How the Nomad Holds, Grasps and Moulds the Shape of her Location
by Nancy Adajania
It is a matter of contingency. Sharmistha Ray’s small studio in a warehouse in Bombay’s docklands, Mazagaon, does not offer optimal viewing conditions. We take Ray’s paintings outside, and to see them in plein air rather than under an artificial sun in an islanded gallery is a strangely fulfilling experience. The late afternoon sun catches the pigment in these baroque landscapes: alizarin turns to dried blood, jade streaks and agitates the surfaces it lies on, the canvases seem fleshy with layers of paint that throb, crack and curl.
These are muscular paintings. They throw more than a few punches at the categories of ethnicity, location and gender into which artists are pressganged by historical accounts, and they wrestle with that idiom called abstraction which, in the Indian art context, has too often been defined from Olympian heights, and just as often disintegrated into pseudo-mysticism. As Ray displays her paintings in the lawn outside her studio, we register the Pollockesque jabs at ritual violence in them; we follow the artist into Monet’s ‘Garden at Giverny’ only to see its beauty broken down, and encounter Turner, the archetypal father of the landscape and seascape of disaster, in her frames.
Some of Ray’s recent works were triggered by media reportage on the tsunami in Japan: the artist was particularly moved by stories about “the loss of a soulmate” in the time of ecological disasters. Dwelling on this, she has chosen to interpret the ‘soulmate’ as more than a literal or figurative beloved; she also sees, in this figure, the embattled self that is questing for its double. The ironically titled diptych ‘Till death do us part’ (2011) invite us to consider two panels that seem twinned in colour and gesture and yet, even while linked by a clear family resemblance, seem paradoxically dissimilar. Ray calls this her rendition of a ‘doppelgänger’ in paint. In linking the two panels, we cannot resolve them into a simple mirror relationship, nor into a gestalt that clicks into a sense of wholeness. Differences, escaping the iron control of analogy, keep leaking away from the sides of the diptych: the double painting is ambiguity personified, its spatial disintegration directing our gaze neither to a sovereign self nor its anxious double, but to the tension between two alternative conceptions of subjectivity that are forever conjoined to one another, escaping one another.
Ray usually refers to her paintings, citing Jung, as ‘archetypes’, the primordial images of the unconscious that surface in dreams or recur as psychotic fantasies. As the Jungian scholar Frieda Fordham warns us, the unconscious, in Jung’s view “is not merely a cellar where man dumps his rubbish, but the source of consciousness and of the creative and destructive spirit of mankind.”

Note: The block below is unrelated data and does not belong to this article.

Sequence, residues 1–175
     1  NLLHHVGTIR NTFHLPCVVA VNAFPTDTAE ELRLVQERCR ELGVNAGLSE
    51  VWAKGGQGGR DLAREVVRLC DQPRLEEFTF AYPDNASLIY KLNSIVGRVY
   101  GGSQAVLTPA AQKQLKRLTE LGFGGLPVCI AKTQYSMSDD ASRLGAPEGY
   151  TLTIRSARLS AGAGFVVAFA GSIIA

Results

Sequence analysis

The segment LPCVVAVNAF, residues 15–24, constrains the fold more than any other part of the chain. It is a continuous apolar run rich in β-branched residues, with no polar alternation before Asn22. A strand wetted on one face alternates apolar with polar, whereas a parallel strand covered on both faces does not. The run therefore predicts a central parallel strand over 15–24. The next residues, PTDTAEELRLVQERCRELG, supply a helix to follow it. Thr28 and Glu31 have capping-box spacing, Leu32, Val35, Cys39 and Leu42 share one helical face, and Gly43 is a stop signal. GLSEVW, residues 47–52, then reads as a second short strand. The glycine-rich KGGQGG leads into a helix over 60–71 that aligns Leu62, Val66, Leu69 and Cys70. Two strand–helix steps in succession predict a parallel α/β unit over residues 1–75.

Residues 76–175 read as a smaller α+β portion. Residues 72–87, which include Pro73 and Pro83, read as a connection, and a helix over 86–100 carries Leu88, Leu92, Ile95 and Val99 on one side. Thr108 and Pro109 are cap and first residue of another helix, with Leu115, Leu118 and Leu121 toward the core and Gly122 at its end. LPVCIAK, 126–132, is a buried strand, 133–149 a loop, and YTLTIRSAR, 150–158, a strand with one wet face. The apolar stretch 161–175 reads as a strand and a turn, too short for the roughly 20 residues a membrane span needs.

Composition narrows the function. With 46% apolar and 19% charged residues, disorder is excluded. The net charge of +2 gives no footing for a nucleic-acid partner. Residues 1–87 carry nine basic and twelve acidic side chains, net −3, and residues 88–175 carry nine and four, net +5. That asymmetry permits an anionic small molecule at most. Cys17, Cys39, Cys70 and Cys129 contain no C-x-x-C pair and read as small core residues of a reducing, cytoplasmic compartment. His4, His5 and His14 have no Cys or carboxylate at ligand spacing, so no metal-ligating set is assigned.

When activated in a specific situation, an archetype can manifest itself in diverse ways, ranging from a nightmare to a symbolic representation to a work of art to an act of mob frenzy. The artist’s need to ascribe a psychologistic impulse of self-clarification to her art is manifested again in ‘Raatri Divaa’ (2011), a diptych that denotes the temporalities of night and day, but also alludes to the light of consciousness coupled with the ‘shadow’ of the unconscious. According to Jung, those societies in which people’s ‘shadow’ selves are repressed are more susceptible to mass hysteria and mob frenzy than those where the shadow is integrated into the consciousness.
So far I have deployed the artist’s habitual reference to the Jungian ‘archetype’ in connection with her practice as an interpretative tool to decode some of her works. The twinned self can be read as the interdependence of manifest self and hidden shadow, but also as the struggle to integrate the female and male aspects of the personality. However, Ray’s art does not take its raison d’etre from any single philosophical programme, and cannot be confined to any single reading. As the title of one of her paintings proclaims, in no uncertain terms: ‘There are no fixed points.’ The immediate source of the painting was the artist’s experience of seeing the hard edge of fabled monuments suddenly making an appearance in a dense fog in Jaipur. The painting pulls the viewer in different directions, its chromatics veering towards the warm end of the spectrum on the left side and towards the cool on the right. The fragments of the monuments appear like floating hinges, dark and substantial in their materiality, yet abstract in their relationship to the narrative as a whole.